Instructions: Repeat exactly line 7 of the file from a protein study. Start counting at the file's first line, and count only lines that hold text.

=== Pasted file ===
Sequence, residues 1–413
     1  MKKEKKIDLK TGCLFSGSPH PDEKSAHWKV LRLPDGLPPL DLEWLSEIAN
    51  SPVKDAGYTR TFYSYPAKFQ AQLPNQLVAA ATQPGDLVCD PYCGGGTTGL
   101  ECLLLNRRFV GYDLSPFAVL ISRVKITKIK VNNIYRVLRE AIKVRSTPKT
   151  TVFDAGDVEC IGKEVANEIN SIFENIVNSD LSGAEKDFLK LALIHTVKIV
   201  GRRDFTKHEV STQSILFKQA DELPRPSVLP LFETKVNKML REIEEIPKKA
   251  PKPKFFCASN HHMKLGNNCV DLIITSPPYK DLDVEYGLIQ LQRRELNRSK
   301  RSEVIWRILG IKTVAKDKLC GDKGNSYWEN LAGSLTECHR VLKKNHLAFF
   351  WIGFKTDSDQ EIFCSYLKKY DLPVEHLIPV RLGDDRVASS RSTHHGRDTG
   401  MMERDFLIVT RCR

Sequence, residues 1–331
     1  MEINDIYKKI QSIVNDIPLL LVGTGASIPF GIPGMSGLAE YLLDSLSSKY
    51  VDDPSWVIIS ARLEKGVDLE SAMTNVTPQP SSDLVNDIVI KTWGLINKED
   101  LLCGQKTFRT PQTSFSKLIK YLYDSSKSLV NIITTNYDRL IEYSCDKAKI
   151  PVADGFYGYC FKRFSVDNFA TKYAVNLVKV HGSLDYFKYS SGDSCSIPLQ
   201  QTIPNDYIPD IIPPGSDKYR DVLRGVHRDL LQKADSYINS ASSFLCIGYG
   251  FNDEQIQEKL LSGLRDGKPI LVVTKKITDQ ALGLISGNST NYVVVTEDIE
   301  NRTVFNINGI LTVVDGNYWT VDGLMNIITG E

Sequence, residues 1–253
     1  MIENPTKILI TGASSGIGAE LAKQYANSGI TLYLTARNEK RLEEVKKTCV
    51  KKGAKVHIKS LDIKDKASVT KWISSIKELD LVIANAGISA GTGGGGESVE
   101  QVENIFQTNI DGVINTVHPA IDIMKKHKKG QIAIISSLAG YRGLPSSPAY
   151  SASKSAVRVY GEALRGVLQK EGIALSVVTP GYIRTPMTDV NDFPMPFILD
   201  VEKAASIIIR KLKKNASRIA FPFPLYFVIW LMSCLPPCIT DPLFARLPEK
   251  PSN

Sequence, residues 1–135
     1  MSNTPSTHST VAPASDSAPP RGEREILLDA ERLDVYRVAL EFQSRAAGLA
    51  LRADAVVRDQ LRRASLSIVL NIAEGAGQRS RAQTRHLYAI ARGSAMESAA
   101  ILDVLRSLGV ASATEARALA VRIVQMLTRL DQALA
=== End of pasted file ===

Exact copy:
   251  PKPKFFCASN HHMKLGNNCV DLIITSPPYK DLDVEYGLIQ LQRRELNRSK